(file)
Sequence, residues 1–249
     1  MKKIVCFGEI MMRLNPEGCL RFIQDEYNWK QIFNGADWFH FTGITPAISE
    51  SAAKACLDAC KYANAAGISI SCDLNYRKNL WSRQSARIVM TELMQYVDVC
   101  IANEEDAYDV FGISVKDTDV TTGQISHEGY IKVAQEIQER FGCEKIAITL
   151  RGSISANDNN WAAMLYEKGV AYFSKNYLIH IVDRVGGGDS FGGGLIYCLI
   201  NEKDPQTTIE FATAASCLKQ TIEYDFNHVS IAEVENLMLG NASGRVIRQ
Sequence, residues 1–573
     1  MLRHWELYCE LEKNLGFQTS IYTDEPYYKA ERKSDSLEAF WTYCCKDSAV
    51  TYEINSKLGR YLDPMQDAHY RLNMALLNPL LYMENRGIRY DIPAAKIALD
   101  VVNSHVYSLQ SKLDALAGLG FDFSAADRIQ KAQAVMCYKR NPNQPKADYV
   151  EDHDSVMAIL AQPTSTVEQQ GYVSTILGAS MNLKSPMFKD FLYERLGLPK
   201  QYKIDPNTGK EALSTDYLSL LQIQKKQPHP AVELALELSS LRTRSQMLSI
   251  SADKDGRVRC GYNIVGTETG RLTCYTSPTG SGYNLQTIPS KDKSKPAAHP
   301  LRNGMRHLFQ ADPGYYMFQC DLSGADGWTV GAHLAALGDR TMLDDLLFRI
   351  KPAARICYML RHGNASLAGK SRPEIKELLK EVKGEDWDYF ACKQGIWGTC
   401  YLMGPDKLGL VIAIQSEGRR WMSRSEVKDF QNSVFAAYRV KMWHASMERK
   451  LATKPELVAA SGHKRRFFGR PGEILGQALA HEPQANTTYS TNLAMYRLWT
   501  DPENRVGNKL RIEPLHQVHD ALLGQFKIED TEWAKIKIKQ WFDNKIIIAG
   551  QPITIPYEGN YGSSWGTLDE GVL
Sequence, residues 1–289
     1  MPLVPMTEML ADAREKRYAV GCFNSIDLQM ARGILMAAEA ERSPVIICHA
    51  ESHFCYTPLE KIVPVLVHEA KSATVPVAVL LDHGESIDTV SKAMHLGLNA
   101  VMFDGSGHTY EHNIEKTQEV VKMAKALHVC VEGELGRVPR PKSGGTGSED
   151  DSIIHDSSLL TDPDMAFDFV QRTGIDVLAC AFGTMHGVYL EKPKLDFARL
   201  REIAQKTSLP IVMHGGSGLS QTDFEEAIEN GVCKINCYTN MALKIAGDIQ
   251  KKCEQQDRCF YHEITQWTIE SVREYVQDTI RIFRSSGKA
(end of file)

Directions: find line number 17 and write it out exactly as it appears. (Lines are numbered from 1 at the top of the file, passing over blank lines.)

   451  LATKPELVAA SGHKRRFFGR PGEILGQALA HEPQANTTYS TNLAMYRLWT